High-protein diets may shrink the brain as well as the waistline, raising the risk of Alzheimer's disease in later life. In tests, the brains of mice fed Atkins-like diets, rich in protein and low in carbohydrate, were five per cent lighter than those of other creatures. Importantly, areas key to memory were underdeveloped.
Although it is unclear if high protein diets have the same effect in people, it is already known that low-fat diets packed with fruit and vegetables, cut the risk of dementia. The US researchers said that looking at how different nutrients affect human brain health could lead to new ways of staving off the disease that affects 400,000 Britons.
With the number of sufferers expected to double within a generation, any method of cutting the number of cases could have a huge impact on public health. S am Gandy, a leading expert on Alzheimer's disease, looked at the effect of various diets, including one high in protein and low in carbohydrate on the brains of mice. The creatures had been genetically-engineered to make amyloid-beta, the poisonous plaques blamed for brain cell death and memory loss in Alzheimer's.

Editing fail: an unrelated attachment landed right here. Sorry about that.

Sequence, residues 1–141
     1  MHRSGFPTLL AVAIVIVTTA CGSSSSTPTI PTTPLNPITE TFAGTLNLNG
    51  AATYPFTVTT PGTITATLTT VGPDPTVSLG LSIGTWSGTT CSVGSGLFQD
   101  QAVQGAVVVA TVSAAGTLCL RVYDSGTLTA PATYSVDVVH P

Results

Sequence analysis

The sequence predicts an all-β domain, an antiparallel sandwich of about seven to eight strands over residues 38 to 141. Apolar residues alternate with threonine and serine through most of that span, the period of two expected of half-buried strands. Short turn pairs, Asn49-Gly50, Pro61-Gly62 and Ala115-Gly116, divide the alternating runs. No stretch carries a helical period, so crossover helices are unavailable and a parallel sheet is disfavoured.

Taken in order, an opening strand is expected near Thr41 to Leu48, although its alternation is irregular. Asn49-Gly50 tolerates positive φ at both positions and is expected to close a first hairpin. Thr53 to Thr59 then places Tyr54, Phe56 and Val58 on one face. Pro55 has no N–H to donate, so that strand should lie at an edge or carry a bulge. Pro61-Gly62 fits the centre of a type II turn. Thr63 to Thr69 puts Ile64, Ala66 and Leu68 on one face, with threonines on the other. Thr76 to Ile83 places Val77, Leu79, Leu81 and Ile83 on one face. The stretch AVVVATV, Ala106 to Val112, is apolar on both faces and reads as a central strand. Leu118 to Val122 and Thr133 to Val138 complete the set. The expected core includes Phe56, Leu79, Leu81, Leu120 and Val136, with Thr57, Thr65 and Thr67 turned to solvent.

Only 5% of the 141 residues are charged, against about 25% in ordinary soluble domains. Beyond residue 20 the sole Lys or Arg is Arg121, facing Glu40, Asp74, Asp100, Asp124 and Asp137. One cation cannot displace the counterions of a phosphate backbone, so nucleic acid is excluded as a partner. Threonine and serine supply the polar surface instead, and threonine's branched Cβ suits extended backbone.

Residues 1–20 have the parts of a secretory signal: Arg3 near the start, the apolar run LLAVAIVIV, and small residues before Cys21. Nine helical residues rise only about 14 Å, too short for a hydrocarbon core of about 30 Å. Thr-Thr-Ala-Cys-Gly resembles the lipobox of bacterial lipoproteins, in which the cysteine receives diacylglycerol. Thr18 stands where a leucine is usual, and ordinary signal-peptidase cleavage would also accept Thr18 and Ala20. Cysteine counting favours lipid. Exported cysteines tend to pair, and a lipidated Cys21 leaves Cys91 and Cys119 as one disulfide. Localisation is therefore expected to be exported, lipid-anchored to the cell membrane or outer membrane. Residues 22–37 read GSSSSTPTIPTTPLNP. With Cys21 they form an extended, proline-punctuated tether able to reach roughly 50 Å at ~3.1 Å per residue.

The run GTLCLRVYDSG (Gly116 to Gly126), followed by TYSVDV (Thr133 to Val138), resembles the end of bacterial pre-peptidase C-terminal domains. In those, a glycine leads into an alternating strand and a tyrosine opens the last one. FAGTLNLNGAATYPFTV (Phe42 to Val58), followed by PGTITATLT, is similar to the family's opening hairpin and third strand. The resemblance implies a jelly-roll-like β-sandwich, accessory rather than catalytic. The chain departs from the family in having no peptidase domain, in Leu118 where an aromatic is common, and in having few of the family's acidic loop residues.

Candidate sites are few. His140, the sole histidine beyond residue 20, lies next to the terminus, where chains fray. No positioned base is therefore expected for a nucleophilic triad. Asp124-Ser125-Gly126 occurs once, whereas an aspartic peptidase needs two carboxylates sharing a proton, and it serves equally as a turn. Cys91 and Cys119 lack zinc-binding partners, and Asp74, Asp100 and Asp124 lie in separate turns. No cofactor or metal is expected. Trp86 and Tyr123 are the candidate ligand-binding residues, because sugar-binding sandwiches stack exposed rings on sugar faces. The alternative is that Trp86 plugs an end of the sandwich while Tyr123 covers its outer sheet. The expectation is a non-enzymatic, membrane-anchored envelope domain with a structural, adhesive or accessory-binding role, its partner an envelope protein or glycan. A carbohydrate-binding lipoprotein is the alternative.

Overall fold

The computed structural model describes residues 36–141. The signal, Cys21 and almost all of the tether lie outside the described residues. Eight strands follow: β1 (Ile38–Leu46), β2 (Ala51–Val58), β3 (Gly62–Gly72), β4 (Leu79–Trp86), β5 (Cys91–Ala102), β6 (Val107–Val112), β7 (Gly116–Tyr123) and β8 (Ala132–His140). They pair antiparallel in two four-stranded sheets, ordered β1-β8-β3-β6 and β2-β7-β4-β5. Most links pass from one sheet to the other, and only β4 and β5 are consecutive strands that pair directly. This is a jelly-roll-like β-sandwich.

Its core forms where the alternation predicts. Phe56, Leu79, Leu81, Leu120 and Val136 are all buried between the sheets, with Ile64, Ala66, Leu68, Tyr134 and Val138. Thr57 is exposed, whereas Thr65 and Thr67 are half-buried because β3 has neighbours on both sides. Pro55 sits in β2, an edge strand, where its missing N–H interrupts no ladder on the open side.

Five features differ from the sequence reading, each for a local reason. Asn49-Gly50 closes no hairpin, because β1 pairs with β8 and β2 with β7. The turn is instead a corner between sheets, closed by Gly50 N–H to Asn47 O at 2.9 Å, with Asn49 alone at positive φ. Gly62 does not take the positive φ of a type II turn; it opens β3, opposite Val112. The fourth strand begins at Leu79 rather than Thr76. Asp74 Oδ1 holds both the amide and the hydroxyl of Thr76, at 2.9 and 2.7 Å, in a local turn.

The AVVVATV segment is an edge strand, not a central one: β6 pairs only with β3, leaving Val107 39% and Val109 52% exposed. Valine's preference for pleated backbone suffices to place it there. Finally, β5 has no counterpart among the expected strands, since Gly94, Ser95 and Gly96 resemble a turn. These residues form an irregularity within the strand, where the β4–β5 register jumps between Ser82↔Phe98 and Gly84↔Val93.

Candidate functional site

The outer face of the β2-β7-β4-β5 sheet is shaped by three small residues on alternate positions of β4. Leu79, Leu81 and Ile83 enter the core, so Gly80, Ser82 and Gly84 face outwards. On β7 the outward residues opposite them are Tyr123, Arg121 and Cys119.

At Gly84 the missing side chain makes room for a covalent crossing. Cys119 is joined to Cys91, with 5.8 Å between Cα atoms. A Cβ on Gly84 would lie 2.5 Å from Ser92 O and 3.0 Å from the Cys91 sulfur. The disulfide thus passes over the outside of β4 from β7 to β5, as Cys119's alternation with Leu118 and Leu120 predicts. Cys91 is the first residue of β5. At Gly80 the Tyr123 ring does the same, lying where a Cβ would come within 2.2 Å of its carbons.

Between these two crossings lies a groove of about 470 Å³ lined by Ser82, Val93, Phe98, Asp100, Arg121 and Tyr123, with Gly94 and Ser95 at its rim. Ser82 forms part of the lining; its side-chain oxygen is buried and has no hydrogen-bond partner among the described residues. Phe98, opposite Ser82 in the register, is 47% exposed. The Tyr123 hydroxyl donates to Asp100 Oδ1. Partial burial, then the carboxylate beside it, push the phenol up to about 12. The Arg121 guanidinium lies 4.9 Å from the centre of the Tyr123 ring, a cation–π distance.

Those given high-protein foods had lighter brains than other animals, the journal Molecular Neurodegeneration reports.